State agencies to Bullock: COVID-19 won’t hinder wildfire suppression
The best wildfire is the one that never starts. But when they do start this summer, agencies around Montana are ready to fight them in spite of COVID-19.
On Tuesday, representatives of 10 agencies and organizations told Gov. Steve Bullock all they’ve done to prepare for firefighting during a season dominated by a pandemic. Several pointed out that firefighters train to manage risks such as rocky terrain or bad weather, and COVID-19 is just one more risk.
“COVID-19 overturns the apple cart on a lot of things, but it’s not insurmountable,” said Leanne Marten, U.S. Forest Service Region 1 forester.
One challenge is that resources may be more limited due to COVID-19 restrictions.
Firefighters often travel from other countries to help fight U.S. fires, but travel bans will hinder that. Even Canadian firefighters might not be able to easily cross the border as they did in 2017 when U.S. and Canadian crews bounced between fires in Glacier and Waterton Lakes national parks.
“Cross-border movement of people is going to be tricky,” said Mike DeGrosky, Department of Natural Resources Conservation Fire Protection Bureau chief. “We will be able to make it happen, but it’s probably going to take longer. We’re going to need to be proactive. If we think we’re going to need Canadian resources, we’re going to want to get out in front of that and move them sooner than later.”
Bullock said he’s been able to develop relationships with Canadian premiers on Montana’s border, so together they could probably get the ball rolling.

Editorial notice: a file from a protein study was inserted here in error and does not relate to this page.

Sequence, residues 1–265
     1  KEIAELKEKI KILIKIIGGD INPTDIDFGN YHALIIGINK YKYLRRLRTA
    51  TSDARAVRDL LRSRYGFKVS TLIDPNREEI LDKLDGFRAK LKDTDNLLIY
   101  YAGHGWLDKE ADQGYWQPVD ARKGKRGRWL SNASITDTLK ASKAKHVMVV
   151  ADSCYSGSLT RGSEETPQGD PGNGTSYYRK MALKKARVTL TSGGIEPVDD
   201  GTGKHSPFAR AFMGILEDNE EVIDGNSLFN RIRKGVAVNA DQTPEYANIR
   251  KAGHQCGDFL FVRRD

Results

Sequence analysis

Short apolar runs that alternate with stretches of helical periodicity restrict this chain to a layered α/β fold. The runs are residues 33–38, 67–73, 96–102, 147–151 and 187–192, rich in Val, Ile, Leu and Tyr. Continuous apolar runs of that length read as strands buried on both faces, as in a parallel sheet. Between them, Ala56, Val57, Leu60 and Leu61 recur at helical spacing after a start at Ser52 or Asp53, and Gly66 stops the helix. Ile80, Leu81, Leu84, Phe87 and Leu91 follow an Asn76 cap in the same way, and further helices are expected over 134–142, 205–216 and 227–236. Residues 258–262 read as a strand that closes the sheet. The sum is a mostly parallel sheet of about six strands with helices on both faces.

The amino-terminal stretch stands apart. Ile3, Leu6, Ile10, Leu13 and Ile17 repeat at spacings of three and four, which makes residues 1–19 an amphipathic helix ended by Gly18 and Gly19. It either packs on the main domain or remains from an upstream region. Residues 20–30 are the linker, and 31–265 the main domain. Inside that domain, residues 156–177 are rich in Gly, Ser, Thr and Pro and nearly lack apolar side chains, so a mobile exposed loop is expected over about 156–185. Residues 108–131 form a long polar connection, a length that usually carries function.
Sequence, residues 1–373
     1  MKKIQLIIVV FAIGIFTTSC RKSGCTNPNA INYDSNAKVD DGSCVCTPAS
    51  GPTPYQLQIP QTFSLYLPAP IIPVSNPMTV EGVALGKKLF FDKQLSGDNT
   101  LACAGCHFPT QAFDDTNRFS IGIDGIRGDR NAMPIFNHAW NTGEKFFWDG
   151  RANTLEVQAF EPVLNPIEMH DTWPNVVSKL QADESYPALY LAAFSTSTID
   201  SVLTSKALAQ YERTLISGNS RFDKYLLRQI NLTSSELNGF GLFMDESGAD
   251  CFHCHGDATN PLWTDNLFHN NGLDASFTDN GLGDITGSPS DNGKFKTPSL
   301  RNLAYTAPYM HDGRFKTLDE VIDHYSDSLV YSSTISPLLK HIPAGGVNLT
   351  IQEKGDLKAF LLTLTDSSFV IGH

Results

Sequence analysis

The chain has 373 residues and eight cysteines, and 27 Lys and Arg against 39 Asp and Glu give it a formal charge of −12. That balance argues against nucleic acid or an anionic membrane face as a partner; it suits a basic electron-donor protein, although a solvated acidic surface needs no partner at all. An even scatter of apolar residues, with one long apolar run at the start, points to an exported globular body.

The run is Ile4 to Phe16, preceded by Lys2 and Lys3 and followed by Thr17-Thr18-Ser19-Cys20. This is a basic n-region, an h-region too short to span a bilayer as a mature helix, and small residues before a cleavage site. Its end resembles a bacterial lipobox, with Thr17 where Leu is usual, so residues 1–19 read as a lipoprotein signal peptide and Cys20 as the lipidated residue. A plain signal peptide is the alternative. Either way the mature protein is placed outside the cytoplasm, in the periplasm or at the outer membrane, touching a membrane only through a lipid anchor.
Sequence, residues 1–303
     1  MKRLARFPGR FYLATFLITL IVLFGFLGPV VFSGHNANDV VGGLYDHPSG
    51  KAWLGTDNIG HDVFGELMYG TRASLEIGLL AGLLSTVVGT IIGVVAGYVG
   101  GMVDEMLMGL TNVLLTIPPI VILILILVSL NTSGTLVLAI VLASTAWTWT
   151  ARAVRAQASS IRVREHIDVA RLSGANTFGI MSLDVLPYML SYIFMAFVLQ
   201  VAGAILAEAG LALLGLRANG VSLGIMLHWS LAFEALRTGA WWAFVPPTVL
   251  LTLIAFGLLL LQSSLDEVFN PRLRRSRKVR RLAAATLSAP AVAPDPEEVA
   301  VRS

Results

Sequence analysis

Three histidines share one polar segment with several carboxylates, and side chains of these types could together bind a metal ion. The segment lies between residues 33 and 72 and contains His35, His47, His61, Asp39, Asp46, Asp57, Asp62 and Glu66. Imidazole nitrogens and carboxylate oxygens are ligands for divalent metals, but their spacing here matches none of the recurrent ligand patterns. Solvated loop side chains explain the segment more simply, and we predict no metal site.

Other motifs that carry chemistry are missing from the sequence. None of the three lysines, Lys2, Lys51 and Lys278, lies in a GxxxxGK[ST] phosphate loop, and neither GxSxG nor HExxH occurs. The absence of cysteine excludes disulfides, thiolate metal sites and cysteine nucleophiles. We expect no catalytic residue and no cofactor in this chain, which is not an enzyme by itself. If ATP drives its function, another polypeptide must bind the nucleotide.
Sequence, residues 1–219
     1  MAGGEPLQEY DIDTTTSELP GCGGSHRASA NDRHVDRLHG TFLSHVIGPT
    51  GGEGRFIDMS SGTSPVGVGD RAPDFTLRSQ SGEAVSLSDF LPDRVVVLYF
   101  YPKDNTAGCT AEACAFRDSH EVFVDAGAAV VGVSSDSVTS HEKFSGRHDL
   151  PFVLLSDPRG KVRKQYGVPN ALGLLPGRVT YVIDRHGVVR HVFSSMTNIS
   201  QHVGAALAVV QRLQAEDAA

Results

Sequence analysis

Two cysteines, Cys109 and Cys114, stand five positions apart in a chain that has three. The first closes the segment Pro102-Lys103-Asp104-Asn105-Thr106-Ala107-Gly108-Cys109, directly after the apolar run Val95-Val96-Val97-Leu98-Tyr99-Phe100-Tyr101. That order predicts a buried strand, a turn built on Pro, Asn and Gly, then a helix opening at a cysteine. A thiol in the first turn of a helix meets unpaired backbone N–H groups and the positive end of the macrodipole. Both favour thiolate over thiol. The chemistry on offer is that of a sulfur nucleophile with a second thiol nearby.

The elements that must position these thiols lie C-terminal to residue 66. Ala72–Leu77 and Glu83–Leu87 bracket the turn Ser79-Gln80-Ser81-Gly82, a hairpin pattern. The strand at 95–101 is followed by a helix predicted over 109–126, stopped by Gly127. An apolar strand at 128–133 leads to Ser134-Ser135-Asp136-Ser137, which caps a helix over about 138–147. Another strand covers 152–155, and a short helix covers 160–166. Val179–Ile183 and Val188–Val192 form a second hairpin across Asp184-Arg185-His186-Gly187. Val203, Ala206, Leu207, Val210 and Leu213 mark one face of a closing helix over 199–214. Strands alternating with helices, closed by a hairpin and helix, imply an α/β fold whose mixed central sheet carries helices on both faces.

Interstate travel is now a little more difficult for fire crews. Plus, fewer may be available to deploy here because Montana tends to have a later fire season than other parts of the nation so they may be already committed to other fires.
“We could have some shortages, but we’ve always have shortages,” DeGrosky said. “We are very much focused on being as self-sufficient within the geographic area as we can be.”
The best way to stay self-sufficient and also limit the amount of time firefighters are exposed to each other is to keep fires small. That means fire crews from all agencies will be resurrecting the old USFS “10 a.m. policy” by jumping on every fire as soon as it starts.
“We are all committed to keeping fires small,” DeGrosky said. “I want to make it clear: we are not limited on our initial attack resources. We, the DNRC, have our normal complement of people and equipment. The Forest Service has stepped things up. The (Bureau of Land Management) is well prepared, Fish and Wildlife Service is prepared. We may be limited on out-of-area resources, but I think we’re in good shape from an initial attack standpoint.”
In many cases, that critical first action could fall to local and rural fire departments that are first on the scene, said Rich Cowger, Montana State Fire Chiefs Association president. Fire departments stand ready now, but Cowger was concerned that COVID-19 could affect volunteer recruitment and retention.
However, Lt. Col. Chad Roudebush of the Montana National Guard said he had several teams standing by to help out, especially since the pandemic kept one unit from deploying to Europe. The only thing the Guard doesn’t have is its Chinook helicopters because they did deploy. But the Illinois and Maryland National Guard has offered theirs if things get ugly in Montana.